Senate Votes to Help China Students Stay

Times Staff Writer

The Senate, ignoring objections raised by President Bush, voted unanimously Tuesday to modify the Administration’s new program allowing more than 40,000 Chinese students in the United States to delay their return to China.

By a 97-0 vote, the Senate agreed that the students would be permitted to remain in the United States until June 5, 1990, without being required to make any statement that might brand them as dissidents. After that, their departure could be delayed until as late as June 5, 1992, unless both the President and the attorney general certify that the political climate in China no longer poses any danger to them.

In all cases, students under orders to leave the United States would be given 60 days to appeal their cases before their extended stay is officially terminated. In addition, the Senate measure eliminates a provision in current law requiring them to return to China for at least two years before seeking immigrant status.

The provision was designed to answer the many complaints that Chinese students have expressed about the delayed departure program that Bush created after the June 3-4 massacre in Beijing’s Tian An Men Square.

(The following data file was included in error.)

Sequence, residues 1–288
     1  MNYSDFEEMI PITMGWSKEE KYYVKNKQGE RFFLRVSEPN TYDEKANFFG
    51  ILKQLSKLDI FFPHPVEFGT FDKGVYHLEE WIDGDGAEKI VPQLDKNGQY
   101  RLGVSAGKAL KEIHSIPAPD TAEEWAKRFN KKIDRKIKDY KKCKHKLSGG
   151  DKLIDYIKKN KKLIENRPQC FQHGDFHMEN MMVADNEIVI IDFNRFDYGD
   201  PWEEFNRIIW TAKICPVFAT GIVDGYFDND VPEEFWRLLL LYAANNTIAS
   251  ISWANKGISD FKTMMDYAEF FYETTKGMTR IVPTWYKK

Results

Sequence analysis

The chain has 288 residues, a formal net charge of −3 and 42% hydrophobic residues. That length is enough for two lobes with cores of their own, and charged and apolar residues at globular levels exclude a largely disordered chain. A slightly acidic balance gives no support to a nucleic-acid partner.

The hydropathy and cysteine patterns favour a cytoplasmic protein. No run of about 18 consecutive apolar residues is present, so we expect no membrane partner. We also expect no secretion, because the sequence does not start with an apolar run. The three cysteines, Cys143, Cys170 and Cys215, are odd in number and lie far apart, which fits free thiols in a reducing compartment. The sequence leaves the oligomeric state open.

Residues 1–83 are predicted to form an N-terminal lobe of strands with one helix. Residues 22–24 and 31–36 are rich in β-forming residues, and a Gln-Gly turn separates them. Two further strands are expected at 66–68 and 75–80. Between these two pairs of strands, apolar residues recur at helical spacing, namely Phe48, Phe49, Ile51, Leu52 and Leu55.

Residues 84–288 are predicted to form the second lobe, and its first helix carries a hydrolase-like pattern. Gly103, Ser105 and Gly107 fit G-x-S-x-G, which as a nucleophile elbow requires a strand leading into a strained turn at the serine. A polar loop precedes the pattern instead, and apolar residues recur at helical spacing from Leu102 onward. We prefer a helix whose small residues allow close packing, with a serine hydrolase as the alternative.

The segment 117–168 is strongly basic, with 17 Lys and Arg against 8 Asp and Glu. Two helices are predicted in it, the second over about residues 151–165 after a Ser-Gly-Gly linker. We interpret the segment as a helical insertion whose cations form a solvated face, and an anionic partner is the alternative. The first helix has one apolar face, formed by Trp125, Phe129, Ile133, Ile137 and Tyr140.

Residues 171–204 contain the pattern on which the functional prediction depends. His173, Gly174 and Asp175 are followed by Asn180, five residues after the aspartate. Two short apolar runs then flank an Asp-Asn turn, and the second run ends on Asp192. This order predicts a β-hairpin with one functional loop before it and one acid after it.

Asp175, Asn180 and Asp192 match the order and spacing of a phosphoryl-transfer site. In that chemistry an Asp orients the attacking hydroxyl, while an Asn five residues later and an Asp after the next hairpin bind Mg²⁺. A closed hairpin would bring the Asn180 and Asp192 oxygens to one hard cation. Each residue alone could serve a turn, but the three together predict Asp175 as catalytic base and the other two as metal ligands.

While many Chinese students want to delay their return home in the wake of the killing of hundreds, perhaps thousands, of people during the military assault, and many are worried by the ensuing political crackdown, most believe that by filing for delayed departure under the President’s program, they might be branded traitors by the Beijing government. Under Bush’s plan, they must declare their unwillingness to go home.

Moreover, many Chinese students fear that by entering the program outlined by Bush, they are agreeing to return home after one year--even if conditions there have not improved.

As a result, very few Chinese students have applied to the Immigration and Naturalization Service to take advantage of the Administration program.

The Senate measure represents a bipartisan compromise. Some senators such as Slade Gorton (R-Wash.) had been seeking sweeping legislation that would allow all Chinese students to apply immediately for permanent residency status. But such proposals were strongly opposed by others, including Alan K. Simpson (R-Wyo.), assistant minority leader and the Senate’s leader on immigration issues.


Senate Minority Leader Bob Dole (R-Kan.) acknowledged that the Senate measure does not have the support of the President, but he insisted that Administration officials had raised only “some slight reservations” about these changes in Bush’s program.

Both Dole and Senate Majority Leader George J. Mitchell (D-Me.), who co-sponsored the Senate amendment, said that the changes they propose are in keeping with the original objectives of the President’s program.

Mitchell indicated that many Chinese students had lobbied him personally for these changes.

“I believe we should respond generously to this request by the Chinese students who are living among us and bravely standing up for freedom and democracy in their homeland,” Mitchell said.